Updated: Mar 12, 2020
So this is the message I was dreading to write. I hope I am wrong.
Please remember. Nothing has changed from yesterday. Your risk today is only slightly higher than yesterday. But our actions today, determine the outcome of the rest of this month.
It has been obvious to those of us objectively studying this outbreak that containment and eradication was not possible. Once the virus grabbed a foothold in the USA, were only ever going to succeed with control and mitigation.
This is a pandemic. Get used to that word. That doesn’t change anything. It’s not a word of fear, it just means that the virus has sustained human-to-human transmission throughout the world. For the first time in human history we have a chance to change the outcomes of a pandemic, but it is going to take some adjustment, pain, and very different quality of life for a while.
As I wrote earlier in the week “actions that look ridiculous today will look most reasonable in 3 weeks”. Some of those changes are happening now, others will come later, maybe too late.
The estimates are that the USA is 2 weeks behind Italy in the growth of cases. Please let that sink in.
Australia, especially NSW where sustained human to human transmission is now evident in Sydney, is about ~4 weeks behind.
The USA is showing exponential growth in cases. This is a factor of enhanced testing, but also a demonstration of community spread. Cases are doubling every 24 hours. The USA is going to be Italy in 3 weeks if something is not done quickly.
In Massachusetts, the State government is taking aggressive action to limit the spread of the virus. All UMass Campuses will be moving to online education for the foreseeable future; gatherings of more than 50 people are to be limited. Expect schools to follow suit in the next few weeks. Why not now? Well closing schools, and the ramifications that come from closing them, are large. No school lunches, unequal access to technology for remote learning etc.
These aggressive measures are required to slow down the outbreak. Why do we need to slow it down? You may have seen some graphs that show spreading out the epidemic curve, yes, that…. But, I thought I would write something that puts that curve into real-life perspective. Drive the point home.
Read on, but be prepared to be gutted.
This is a description from inside Lumbardy region in Italy by a person on the frontline. This was from a few days ago, the situation has deteriorated further. I have modified it a little bit for ease of reading.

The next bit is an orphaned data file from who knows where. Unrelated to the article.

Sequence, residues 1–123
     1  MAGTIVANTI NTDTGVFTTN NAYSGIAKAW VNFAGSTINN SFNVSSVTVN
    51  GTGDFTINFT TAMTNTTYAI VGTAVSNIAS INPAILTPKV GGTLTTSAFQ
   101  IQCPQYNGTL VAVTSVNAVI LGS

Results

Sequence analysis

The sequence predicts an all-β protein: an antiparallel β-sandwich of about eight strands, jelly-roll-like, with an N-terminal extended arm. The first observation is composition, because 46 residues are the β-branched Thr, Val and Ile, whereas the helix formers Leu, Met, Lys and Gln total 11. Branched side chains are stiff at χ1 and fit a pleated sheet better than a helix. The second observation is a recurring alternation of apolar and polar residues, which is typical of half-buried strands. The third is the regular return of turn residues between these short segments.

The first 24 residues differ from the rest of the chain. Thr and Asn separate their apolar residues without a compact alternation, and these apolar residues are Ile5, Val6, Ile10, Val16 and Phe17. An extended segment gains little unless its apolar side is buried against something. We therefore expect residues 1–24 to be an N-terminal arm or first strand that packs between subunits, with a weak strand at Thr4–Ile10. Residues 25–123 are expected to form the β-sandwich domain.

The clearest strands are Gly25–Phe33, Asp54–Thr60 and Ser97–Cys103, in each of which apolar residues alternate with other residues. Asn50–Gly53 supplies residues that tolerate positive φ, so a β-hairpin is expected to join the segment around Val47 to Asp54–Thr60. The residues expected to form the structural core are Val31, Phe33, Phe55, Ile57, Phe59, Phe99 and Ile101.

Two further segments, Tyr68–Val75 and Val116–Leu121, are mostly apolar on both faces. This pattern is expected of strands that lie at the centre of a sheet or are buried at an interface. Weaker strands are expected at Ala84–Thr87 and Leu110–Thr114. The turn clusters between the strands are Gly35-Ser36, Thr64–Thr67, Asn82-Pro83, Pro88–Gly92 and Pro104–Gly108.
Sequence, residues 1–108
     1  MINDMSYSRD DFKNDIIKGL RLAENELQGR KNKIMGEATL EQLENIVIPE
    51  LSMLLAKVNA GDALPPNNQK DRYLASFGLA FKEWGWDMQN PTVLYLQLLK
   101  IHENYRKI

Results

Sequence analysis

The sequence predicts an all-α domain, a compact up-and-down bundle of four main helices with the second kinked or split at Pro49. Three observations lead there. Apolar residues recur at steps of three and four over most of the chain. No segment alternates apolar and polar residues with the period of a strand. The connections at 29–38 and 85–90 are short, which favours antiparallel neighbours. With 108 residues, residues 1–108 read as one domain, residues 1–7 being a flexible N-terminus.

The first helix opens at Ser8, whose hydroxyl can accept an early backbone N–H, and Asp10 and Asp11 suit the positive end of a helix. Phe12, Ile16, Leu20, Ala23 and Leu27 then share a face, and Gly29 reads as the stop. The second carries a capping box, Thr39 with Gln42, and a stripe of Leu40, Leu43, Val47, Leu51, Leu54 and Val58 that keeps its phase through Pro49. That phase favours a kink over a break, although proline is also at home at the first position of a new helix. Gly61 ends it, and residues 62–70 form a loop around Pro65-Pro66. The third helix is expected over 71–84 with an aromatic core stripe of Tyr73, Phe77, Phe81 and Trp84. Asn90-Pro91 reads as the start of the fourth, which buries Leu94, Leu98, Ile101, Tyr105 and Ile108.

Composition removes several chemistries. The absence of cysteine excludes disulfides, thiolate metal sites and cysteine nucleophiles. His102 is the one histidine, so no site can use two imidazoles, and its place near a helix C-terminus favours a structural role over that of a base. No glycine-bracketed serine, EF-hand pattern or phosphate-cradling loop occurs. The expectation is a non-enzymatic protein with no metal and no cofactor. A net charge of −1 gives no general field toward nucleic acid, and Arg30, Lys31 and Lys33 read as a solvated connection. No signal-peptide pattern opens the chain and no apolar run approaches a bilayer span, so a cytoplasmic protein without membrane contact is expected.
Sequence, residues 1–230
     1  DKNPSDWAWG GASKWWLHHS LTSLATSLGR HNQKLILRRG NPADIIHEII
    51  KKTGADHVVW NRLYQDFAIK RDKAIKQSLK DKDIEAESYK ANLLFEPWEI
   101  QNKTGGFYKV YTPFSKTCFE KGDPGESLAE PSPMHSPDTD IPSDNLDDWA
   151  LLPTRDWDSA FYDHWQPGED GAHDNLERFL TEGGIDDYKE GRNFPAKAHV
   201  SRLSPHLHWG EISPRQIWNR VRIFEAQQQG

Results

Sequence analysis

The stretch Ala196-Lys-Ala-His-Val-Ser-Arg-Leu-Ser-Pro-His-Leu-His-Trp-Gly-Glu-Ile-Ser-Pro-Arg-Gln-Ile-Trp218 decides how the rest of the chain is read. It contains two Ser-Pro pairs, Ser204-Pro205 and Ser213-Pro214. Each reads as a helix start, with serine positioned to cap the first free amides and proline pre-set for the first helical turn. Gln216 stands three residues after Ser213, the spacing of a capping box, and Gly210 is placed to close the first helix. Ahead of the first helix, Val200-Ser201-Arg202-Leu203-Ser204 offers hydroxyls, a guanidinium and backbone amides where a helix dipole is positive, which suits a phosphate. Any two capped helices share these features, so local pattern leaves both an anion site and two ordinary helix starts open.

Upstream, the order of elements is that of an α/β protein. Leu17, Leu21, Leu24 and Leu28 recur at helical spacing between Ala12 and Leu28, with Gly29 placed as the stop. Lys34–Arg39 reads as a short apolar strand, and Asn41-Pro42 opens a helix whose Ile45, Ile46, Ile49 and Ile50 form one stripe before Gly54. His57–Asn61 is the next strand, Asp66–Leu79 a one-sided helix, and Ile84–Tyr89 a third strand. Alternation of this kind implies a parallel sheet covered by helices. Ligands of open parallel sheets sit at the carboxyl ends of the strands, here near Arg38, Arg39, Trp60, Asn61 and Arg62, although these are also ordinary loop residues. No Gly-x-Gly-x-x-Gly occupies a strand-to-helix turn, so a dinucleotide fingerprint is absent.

“Lumbardy is the most developed region in Italy and has extraordinarily good healthcare. The outbreak in our region have hospitals running at 200% capacity. We have stopped all routine procedures, all operating rooms have been converted to intensive care units and they are now diverting or not treating all other emergencies like trauma and strokes. There are hundreds of patients with severe respiratory failure and many of them do not have access to anything above a reservoir mask. Patients above 65 or younger with comorbidities are not being assessed; I mean not assessed and no ICU staff attends when they arrest. Staff are working as much as they can but they are starting to get sick and are emotionally overwhelmed. My friends are calling me in tears because they see people dying in front of them and they can only offer some oxygen.
We have seen this pattern in different areas of Italy weeks apart. A few positive cases, first mild measures, people are told to avoid hanging out in groups, everyone says not to panic. Then some moderate respiratory failures and a few severe ones that need a tube, but regular access to the emergency department is still possible and everything looks great. Then tons of people with moderate respiratory failure, that overtime deteriorate and saturate the capability of the ICU’s first, then access to ventilators, then CPAP hoods, then even O2. Staff gets sick so it becomes difficult to cover for shifts, mortality spikes also from all other causes that can’t be treated properly.”
The ability to treat a massive influx of sick people is not possible. We must work on mitigation. If you have been on the fence about the severity of this outbreak previously, get off it, and do your part.
You should be practicing social distancing
You should be minimizing unneeded travel and errands that take you to crowded places.
You should be washing your hands frequently (but not so much as the skin is broken).
You should be prepared for the day-to-day to not look normal
You should buy some extra food and supplies and donate it to a food kitchen
You should NOT hoard anything.
If this does deteriorate over the coming week. If you have friends or family that work in healthcare, consider what you can do and what you can offer to them to help make them as resilient as possible. Day care, a cooked meal...
Be nice. People will be scared. Talk to your kids, their lives will change too....
Importantly, none of this is new. The same precautions apply. Attention to personal hygiene and being ready to reduce interactions is important. Pandemic is a technical label, not a change in the nature of the disease. Pay attention to public health authorities, do not ignore what they ask you to do.